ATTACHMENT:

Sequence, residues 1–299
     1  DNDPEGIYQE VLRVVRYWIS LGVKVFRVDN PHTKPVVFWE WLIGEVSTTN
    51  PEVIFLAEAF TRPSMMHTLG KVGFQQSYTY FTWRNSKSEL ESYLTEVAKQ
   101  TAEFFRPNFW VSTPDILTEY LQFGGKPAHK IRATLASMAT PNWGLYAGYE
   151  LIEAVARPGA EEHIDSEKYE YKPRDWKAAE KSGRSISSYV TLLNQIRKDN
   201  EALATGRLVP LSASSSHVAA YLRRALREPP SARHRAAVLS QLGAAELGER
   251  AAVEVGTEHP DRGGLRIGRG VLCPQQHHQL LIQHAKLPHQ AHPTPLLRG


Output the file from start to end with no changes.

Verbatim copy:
Sequence, residues 1–299
     1  DNDPEGIYQE VLRVVRYWIS LGVKVFRVDN PHTKPVVFWE WLIGEVSTTN
    51  PEVIFLAEAF TRPSMMHTLG KVGFQQSYTY FTWRNSKSEL ESYLTEVAKQ
   101  TAEFFRPNFW VSTPDILTEY LQFGGKPAHK IRATLASMAT PNWGLYAGYE
   151  LIEAVARPGA EEHIDSEKYE YKPRDWKAAE KSGRSISSYV TLLNQIRKDN
   201  EALATGRLVP LSASSSHVAA YLRRALREPP SARHRAAVLS QLGAAELGER
   251  AAVEVGTEHP DRGGLRIGRG VLCPQQHHQL LIQHAKLPHQ AHPTPLLRG